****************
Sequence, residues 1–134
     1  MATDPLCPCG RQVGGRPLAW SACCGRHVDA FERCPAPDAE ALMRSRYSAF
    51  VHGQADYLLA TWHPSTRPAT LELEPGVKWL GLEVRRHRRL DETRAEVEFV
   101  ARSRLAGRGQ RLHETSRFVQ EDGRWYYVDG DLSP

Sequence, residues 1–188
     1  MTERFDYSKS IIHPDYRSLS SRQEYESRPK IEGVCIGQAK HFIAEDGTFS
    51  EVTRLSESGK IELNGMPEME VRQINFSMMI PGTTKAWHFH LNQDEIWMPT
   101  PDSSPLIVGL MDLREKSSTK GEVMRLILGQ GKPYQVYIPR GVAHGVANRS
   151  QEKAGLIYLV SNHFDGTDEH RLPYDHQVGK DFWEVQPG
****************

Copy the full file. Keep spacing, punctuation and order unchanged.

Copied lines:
Sequence, residues 1–134
     1  MATDPLCPCG RQVGGRPLAW SACCGRHVDA FERCPAPDAE ALMRSRYSAF
    51  VHGQADYLLA TWHPSTRPAT LELEPGVKWL GLEVRRHRRL DETRAEVEFV
   101  ARSRLAGRGQ RLHETSRFVQ EDGRWYYVDG DLSP

Sequence, residues 1–188
     1  MTERFDYSKS IIHPDYRSLS SRQEYESRPK IEGVCIGQAK HFIAEDGTFS
    51  EVTRLSESGK IELNGMPEME VRQINFSMMI PGTTKAWHFH LNQDEIWMPT
   101  PDSSPLIVGL MDLREKSSTK GEVMRLILGQ GKPYQVYIPR GVAHGVANRS
   151  QEKAGLIYLV SNHFDGTDEH RLPYDHQVGK DFWEVQPG